On 20 May, Slovenia and the rest of the world celebrate the World Bee Day.

The main purpose of World Bee Day is to raise awareness among the global public about the importance of bees and other pollinators for humanity, bearing in mind food security, global elimination of hunger, and care for the environment and biodiversity.

Bees and other pollinators are very important for human survival as they significantly contribute to the world’s food security. One third of all food produced in the world depends on pollination – and bees are the most important pollinators. Every third spoon of your food depends on bees.

Bees are increasingly endangered because of diseases and pests that spread rapidly due to globalization; a lack of food sources due to intensive agriculture and due to short period in a year, when the food is available; use of pesticides in agriculture; the growth of cities, which shrink habitats; and climate change.
In
Europe, extinction threatens nearly 10 % of all bee species. In 2016, the number of honey bee colonies decreased by as much as 33% in the United States and 13% in the European Union.

The UN General Assembly proclaimed World Bee Day as a result of cooperation between the Slovenian Beekeepers’ Association, as the initiator, and the Republic of Slovenia.

Why 20. May?

20 May is also the birthdate of Anton Janša (1734–1773), a pioneer of modern beekeeping and one of the greatest experts in this field in his day. He was the first teacher of modern beekeeping in the world, appointed by the Empress Maria Theresa as a permanent teacher at the new beekeeping school in Vienna.

Slovenians are a genuine beekeeping nation, as one in 200 inhabitants has a hive. Slovenia was also the first EU Member State to have introduced legal protection of bees.

world bee day
Did you know?
A bee colony can be compared to a small city. It contains 30,000 to 60,000 bee workers, from 300 to 1,000 male broods, and the queen bee. The queen bee is the only member of the bee colony that lays eggs. She can produce up to 2,000 eggs in a day.

Did you know?
Honey bees’ wings flap 11,400 times per minute, which makes their distinctive buzz. To make one kilogram of honey, bees must visit four million flowers and fly four times the distance around the world. Bees pollinate as many as 170,000 species of plants.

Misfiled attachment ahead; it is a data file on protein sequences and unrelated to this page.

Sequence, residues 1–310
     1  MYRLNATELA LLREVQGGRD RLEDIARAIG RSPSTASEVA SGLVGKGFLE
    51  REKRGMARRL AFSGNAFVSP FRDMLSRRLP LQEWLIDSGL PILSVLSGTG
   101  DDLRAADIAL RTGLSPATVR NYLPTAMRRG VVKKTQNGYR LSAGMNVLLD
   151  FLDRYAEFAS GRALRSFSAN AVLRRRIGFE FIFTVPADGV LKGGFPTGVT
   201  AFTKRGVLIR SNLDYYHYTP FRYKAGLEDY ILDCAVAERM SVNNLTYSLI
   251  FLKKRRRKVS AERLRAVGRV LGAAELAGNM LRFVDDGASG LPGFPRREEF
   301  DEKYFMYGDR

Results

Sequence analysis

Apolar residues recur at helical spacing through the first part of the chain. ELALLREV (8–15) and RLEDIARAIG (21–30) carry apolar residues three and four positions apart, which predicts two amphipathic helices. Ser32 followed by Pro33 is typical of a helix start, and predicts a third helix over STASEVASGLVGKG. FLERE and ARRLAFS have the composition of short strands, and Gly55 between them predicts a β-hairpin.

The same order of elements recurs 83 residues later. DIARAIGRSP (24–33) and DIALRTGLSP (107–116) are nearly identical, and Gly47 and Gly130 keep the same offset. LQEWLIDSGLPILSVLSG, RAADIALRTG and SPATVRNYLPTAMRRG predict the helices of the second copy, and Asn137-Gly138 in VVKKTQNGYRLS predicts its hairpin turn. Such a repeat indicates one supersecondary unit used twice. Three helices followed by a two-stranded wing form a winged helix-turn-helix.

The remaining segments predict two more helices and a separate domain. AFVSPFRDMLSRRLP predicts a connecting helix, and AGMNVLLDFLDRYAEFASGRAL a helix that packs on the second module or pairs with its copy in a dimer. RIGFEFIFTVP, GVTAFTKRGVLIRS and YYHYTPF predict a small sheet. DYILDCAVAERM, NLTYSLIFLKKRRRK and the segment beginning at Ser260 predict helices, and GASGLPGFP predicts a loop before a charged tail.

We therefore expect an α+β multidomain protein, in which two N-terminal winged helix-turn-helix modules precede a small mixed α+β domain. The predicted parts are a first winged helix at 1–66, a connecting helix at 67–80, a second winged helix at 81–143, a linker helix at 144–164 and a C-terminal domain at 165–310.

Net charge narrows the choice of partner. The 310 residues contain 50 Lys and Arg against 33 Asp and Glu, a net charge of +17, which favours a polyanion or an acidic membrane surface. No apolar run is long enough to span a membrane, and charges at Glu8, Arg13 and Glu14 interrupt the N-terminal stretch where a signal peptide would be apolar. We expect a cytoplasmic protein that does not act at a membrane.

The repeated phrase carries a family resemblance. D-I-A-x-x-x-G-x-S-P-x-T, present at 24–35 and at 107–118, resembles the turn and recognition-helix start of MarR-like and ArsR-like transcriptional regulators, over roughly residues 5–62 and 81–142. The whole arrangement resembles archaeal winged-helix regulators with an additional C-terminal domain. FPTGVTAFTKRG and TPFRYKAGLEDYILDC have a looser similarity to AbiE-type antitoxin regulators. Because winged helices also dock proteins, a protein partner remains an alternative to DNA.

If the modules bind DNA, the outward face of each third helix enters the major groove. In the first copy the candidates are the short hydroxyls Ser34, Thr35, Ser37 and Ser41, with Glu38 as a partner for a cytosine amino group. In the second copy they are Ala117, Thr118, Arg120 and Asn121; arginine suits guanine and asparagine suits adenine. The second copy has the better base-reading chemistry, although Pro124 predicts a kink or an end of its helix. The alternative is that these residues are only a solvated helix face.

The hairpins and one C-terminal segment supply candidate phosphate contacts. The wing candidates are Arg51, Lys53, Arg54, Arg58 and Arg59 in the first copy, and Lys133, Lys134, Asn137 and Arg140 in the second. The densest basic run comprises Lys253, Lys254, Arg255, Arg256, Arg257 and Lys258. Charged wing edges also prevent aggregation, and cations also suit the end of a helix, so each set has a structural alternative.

Did you know?
Bees are very economical and rational construction workers in nature – honeycombs are among the most efficiently organised structures in nature; the honeycomb walls are joined at an angle of 120°, thus forming a complete hexagon. This is also a very useful structure in aviation!

This year is probably one of the most difficult for bee colonies in a very long history. In addition to the constant ever-increasing problems (introduction of aggressive alien plant and insect species due to globalization, reduction of honey-bearing areas, atmospheric pollution etc), the warm winter and then a harsh spring frost damaged all the early-blooming plants to the degree where they are not useful for honey production anymore.

But we can help the bees. Each of us can make a contribution!

The next time when you work in your garden, plant some honey-bearing plants.
Plant some flowers in pots and keep them on your balcony.
Leave your lawn unmown for a week or two longer, so that meadow flowers can appear.
Apply to the municipal councilors of your city to plant honey-bearing species of trees in city parks, such as linden or maple.
Petition for public areas to be planted with honey-bearing perennials plants.

It’s not much, but small steps take us a long way.

Pipistrel supports this way of thinking and takes care of nature on every step of our journey, within our EcoLution philosophy: we plant trees, we produce aircraft which don’t pollute the environment, our factory buildings are energy self-sufficient, we try to keep the pollution to a minimum.

We share the sky with bees.
Let’s keep it clean – for them and for ourselves!